It's been suggested that Ministry Shares be cut in half to encourage congregational growth (“More Dreaming,” Dec. 2015). This proposal seems to me to arise out of a fear that our shared resources are scarce and insufficient, rather than from the confidence that we have been abundantly blessed. Does the payment of Ministry Shares really hold congregations back? Must we choose between efficiently funding denominational ministries or growing our local congregations?
In my opinion, such a cut would result either in a proportional cut in the scope and impact of our denominational ministries or an increase in fundraising costs to make up the difference. We've prided ourselves in having a very efficient way to fund denominational ministries, so why decrease that efficiency? Let's be creative in communicating and funding our vision so that congregations don't have to resort to cutting effective denominational ministries in order to accomplish their local vision.
Here’s an example from my own church, a small congregation in upstate New York.
For much of its life, my congregation struggled to pay even the reduced Ministry Shares for small churches. We would budget for an amount below that reduced share; whatever surplus funds were available at the end of the year went toward paying our Ministry Shares. That was an approach based on fear and a belief in scarcity.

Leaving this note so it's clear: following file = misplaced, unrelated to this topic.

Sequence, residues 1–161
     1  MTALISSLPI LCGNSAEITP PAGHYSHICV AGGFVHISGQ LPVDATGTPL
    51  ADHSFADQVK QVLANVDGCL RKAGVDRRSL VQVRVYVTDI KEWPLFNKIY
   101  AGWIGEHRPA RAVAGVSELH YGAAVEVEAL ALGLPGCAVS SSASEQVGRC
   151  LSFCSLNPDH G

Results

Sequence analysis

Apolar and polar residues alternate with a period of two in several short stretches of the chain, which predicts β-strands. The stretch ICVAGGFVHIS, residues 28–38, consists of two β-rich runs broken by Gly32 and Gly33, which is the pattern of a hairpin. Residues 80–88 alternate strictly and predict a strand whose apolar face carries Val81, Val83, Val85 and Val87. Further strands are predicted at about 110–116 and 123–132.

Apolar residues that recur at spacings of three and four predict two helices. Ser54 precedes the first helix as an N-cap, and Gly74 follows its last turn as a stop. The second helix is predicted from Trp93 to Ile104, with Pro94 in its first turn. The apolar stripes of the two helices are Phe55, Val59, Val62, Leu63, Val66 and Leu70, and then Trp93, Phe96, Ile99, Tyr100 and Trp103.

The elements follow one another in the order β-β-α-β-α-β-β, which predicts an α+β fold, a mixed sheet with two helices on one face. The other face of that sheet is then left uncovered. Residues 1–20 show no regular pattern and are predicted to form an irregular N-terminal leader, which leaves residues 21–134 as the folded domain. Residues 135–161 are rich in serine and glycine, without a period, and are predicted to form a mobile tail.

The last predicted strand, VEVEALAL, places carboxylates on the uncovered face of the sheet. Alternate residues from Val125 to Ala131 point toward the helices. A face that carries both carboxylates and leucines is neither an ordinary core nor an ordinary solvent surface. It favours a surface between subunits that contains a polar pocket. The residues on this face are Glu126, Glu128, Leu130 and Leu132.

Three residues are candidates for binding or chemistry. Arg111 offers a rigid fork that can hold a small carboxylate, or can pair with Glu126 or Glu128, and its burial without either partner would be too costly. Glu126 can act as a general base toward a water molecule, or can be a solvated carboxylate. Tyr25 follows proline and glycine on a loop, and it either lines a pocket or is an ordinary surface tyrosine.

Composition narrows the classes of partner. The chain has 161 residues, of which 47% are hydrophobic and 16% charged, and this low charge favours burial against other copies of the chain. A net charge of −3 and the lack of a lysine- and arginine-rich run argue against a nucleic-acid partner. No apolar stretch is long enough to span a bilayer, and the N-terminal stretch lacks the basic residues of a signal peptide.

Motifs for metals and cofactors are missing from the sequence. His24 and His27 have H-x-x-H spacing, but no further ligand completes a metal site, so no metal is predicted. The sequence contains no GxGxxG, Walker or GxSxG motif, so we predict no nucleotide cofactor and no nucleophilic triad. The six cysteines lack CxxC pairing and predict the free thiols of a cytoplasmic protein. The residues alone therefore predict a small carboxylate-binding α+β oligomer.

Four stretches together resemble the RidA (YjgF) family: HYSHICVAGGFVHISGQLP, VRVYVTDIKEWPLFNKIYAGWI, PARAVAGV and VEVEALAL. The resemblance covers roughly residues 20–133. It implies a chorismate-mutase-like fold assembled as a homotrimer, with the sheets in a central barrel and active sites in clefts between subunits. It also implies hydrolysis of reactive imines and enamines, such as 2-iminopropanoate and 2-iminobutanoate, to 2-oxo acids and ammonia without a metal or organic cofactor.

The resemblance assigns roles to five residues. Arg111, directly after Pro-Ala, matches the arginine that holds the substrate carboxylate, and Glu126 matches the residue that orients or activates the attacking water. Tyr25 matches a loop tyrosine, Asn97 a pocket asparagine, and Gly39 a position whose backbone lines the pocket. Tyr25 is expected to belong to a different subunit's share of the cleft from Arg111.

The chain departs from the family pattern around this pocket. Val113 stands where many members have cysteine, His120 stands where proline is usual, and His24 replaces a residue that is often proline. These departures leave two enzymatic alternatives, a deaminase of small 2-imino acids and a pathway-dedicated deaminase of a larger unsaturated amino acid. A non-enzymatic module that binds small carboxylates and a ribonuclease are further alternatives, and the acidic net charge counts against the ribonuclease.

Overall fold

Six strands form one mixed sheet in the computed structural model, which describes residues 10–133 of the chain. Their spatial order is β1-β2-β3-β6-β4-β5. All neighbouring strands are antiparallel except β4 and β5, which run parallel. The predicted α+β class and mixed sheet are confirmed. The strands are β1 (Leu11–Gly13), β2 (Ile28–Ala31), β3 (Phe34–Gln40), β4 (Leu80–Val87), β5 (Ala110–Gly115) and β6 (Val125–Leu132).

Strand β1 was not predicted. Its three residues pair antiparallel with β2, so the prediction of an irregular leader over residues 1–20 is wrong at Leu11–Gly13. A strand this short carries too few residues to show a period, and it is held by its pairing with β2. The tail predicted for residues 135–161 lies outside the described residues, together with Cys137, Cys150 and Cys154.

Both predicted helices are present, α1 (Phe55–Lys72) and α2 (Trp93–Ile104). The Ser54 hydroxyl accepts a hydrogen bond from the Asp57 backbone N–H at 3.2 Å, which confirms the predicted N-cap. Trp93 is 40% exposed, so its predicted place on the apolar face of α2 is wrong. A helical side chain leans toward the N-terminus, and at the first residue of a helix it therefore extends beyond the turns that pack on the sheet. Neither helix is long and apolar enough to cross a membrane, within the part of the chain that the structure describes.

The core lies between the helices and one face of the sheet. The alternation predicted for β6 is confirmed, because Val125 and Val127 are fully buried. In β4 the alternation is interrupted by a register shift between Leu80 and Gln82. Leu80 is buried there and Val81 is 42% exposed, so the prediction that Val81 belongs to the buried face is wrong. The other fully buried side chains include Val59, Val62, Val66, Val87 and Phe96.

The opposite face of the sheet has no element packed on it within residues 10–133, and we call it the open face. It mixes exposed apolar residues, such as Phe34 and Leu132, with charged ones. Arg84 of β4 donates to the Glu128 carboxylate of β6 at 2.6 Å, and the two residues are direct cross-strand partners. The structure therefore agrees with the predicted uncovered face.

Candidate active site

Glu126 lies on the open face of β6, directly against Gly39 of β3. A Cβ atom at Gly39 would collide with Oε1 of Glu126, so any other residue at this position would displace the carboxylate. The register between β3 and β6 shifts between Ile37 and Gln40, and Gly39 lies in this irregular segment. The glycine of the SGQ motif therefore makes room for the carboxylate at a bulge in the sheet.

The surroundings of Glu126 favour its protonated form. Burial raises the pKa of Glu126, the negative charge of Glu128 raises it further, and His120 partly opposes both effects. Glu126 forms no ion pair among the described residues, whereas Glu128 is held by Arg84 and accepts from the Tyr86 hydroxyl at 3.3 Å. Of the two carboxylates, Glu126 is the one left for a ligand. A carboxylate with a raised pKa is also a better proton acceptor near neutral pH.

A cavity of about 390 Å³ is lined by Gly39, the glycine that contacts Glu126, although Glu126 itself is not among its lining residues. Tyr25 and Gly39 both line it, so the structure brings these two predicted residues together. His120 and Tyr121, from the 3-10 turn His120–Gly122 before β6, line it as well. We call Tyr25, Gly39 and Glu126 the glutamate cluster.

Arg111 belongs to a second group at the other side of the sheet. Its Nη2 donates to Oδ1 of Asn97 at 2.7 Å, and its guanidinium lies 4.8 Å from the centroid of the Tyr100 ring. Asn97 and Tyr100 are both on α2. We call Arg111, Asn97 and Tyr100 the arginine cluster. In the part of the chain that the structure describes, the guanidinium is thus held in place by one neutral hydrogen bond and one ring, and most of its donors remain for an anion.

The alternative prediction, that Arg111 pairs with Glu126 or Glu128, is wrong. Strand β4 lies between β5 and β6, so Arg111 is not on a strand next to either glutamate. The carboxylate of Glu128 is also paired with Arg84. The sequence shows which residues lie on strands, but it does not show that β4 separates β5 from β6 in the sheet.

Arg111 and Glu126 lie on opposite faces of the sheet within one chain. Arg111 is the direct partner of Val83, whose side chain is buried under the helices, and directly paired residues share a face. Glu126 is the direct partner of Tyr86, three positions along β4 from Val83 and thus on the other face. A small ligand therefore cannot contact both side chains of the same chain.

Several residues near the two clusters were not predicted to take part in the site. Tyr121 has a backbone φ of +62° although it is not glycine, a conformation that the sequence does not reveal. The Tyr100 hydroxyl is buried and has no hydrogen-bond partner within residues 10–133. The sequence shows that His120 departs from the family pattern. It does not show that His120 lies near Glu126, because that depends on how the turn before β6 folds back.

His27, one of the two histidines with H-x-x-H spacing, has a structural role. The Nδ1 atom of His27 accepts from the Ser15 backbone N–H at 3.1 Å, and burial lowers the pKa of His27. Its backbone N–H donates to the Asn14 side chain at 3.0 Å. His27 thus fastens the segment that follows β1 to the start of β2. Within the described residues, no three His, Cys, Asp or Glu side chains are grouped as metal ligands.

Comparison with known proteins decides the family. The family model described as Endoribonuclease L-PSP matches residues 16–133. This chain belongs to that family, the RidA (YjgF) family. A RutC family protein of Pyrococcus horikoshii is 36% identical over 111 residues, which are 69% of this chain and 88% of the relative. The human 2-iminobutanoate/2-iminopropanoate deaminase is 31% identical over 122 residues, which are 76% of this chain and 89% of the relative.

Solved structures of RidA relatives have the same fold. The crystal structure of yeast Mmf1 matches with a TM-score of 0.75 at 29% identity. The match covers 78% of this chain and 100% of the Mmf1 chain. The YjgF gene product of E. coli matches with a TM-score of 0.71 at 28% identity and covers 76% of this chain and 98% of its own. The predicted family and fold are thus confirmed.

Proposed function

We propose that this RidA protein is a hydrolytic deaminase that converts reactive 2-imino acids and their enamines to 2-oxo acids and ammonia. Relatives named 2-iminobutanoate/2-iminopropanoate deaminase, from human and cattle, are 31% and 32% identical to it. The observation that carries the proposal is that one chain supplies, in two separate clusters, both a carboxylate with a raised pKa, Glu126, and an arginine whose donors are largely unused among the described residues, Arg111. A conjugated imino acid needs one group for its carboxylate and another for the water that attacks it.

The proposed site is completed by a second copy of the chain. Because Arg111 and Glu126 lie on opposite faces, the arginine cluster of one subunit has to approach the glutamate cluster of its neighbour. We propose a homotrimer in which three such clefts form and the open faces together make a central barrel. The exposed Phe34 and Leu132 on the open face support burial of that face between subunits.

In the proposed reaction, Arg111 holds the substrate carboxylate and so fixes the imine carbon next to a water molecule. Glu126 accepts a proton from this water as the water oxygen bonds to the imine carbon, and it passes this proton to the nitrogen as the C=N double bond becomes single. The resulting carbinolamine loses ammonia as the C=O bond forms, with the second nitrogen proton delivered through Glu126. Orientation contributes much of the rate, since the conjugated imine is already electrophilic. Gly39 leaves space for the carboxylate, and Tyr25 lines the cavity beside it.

Two years ago we decided to budget and spend from a perspective of abundance. We committed to paying 50 percent of our reduced Ministry Shares midway through the year and the remaining 50 percent in December. We decided to trust that God would provide rather than worry that we wouldn't have enough left over at the end of the year to meet our commitment. Both years we've met our Ministry Shares obligation to the denomination as well as being able to fund our local ministries. And we’ve left fear and scarcity behind. The decision to trust God's abundant provision and pay our Ministry Shares obligations was an important step in freeing our church for further growth, not an obstacle to growth.
At least two other factors have likely contributed to my congregation's ability to meet its Ministry Shares commitments. First, our moderate level of indebtedness (total debt payments are under 7 percent of our annual budget). Second, nearly one-quarter of our budget income is received consistently each month through electronic funds transfer, allowing us to more accurately project income and plan payment of expenses.
While each congregation likely has different factors that may affect its ability to pay its Ministry Shares, I hope that my congregation's experience will encourage others to rethink their attitude toward funding denominational ministry.